RAY BROOK - The state Department of Environmental Conservation is warning people to stay off the ice of Lake Champlain during Monday's scheduled demolition of the Crown Point Bridge.
DEC officials, in a news release, said ice has only recently formed on the lake and is not thick or uniform.
"Due to the danger of going through the ice, people are directed to stay off the ice on Lake Champlain in the area between Westport and Crown Point on the day of the demolition of the Champlain Bridge," the release states. "People going onto the ice will be in serious danger of breaking through the ice. Cold water temperatures and thick wet clothing will significantly increase the likelihood of drowning."
If numerous people go onto the ice, DEC said it will increase the risk of some or all of them breaking through. The shockwave created by the force of the bridge falling into the lake could also cause thick sections of ice miles away from the bridge to break up, DEC said.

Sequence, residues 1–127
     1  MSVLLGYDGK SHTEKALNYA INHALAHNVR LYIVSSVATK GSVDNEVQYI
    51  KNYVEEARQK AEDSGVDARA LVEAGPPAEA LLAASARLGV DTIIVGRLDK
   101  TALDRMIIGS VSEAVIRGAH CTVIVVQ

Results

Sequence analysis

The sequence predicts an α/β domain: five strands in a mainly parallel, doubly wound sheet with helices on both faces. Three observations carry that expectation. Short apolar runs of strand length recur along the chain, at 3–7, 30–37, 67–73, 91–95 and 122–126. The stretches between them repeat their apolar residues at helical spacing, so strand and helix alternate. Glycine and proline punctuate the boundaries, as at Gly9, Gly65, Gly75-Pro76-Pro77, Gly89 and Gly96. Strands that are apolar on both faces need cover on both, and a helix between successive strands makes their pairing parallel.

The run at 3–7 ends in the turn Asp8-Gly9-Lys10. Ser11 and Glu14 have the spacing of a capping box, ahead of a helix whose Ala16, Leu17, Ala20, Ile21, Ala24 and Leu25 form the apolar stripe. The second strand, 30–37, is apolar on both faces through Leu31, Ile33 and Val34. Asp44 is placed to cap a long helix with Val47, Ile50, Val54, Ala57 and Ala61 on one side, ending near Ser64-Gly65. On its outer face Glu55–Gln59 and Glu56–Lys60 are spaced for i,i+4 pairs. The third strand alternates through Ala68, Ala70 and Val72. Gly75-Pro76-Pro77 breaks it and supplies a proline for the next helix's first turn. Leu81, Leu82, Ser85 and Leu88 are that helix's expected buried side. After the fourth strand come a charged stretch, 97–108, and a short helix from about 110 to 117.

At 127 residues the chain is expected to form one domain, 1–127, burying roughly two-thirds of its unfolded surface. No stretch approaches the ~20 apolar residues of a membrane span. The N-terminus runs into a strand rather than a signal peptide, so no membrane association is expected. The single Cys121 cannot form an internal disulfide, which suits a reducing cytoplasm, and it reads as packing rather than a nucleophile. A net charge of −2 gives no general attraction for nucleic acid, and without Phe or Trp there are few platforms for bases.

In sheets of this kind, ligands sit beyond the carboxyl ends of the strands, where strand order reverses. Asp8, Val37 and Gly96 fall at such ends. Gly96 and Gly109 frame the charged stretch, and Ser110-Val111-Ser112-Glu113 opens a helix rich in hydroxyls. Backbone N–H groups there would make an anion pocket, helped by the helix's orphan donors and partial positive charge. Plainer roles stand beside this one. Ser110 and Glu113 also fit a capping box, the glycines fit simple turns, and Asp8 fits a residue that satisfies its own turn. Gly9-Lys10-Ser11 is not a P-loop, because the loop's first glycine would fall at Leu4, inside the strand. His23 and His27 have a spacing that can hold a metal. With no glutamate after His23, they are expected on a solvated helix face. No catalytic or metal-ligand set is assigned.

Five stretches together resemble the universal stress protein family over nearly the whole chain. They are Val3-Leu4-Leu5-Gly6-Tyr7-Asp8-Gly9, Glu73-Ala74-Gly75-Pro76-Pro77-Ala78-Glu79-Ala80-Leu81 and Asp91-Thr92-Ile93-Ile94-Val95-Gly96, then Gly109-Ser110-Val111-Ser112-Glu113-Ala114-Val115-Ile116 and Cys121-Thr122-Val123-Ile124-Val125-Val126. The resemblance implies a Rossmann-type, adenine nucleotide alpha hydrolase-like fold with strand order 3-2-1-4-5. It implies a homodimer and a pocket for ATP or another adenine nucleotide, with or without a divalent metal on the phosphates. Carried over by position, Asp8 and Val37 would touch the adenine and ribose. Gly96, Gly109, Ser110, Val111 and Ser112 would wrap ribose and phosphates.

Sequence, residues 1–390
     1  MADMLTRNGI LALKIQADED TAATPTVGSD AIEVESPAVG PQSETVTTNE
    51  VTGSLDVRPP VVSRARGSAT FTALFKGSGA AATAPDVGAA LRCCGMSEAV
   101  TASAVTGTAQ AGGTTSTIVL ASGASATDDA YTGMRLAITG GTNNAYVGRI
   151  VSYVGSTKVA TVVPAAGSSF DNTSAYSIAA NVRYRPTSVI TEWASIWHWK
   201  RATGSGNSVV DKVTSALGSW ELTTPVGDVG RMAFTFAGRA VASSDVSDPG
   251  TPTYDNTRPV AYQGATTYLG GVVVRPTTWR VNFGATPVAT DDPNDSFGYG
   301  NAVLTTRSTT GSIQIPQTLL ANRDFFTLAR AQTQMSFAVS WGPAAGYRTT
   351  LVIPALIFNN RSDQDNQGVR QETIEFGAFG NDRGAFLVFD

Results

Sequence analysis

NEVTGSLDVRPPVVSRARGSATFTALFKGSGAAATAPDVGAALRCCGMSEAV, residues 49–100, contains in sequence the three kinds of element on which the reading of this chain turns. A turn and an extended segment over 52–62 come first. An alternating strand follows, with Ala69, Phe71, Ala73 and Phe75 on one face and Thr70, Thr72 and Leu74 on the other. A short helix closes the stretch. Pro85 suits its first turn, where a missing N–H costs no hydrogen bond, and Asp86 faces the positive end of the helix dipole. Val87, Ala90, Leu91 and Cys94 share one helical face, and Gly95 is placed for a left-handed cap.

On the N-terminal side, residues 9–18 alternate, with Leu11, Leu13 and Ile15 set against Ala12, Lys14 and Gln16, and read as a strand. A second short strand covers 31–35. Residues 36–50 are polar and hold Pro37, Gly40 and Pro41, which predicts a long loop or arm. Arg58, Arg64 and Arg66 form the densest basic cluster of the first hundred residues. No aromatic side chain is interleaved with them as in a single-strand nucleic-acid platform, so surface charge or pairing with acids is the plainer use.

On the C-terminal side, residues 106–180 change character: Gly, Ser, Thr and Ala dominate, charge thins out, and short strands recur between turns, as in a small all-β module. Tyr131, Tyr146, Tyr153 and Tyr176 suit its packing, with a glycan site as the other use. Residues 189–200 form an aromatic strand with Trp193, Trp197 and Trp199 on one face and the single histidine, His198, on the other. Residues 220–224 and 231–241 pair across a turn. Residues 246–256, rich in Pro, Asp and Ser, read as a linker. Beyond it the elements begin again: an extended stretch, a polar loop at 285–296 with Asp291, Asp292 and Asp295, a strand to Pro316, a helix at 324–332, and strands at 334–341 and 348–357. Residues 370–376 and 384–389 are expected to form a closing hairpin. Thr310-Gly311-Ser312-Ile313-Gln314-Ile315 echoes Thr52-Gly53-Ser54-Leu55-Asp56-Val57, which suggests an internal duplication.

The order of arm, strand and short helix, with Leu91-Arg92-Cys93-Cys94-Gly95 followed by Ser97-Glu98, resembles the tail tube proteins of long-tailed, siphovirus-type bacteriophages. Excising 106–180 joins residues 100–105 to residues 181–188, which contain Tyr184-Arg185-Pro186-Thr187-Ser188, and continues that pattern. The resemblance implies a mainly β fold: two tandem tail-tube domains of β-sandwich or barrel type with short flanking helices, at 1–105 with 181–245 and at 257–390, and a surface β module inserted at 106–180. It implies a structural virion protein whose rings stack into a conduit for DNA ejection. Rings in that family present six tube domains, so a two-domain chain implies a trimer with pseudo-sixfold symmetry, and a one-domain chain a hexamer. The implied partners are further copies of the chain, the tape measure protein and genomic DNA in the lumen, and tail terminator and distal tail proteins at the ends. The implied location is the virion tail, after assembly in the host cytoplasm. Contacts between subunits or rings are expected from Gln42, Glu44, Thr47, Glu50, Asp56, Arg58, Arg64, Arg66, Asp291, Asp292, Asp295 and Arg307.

DEC Environmental Conservation Officers and Forest Rangers, the U.S. Coast Guard, and local and state law enforcement agencies from New York and Vermont will be focusing on keeping people away from the bridge, and it may take time for rescue personnel to reach anyone that goes through the ice, DEC said.
The bridge demolition is scheduled to take place at 10 a.m. Monday. It was originally scheduled to happen on Wednesday, but had to be pushed back because of ice on the lake, bitter cold temperatures and high winds.
People will be able to watch the demolition of the bridge from the pier near the village of Port Henry Campground or the beach at the town of Moriah Bulwagga Bay Campground. DEC said the public should remain on the pier or land for their own safety.
The Crown Point Historic Site and the Crown Point Campground will be closed and are off limits to the public on the day of the demolition. DEC said its ECOs, Forest Rangers and Park Police will be patrolling these areas to ensure that no one enters the grounds of the two state facilities.
The demolition of the bridge, which was shut down in October after it was deemed unsafe, will be webcast live at www.nysdot.gov/lakechamplainbridge.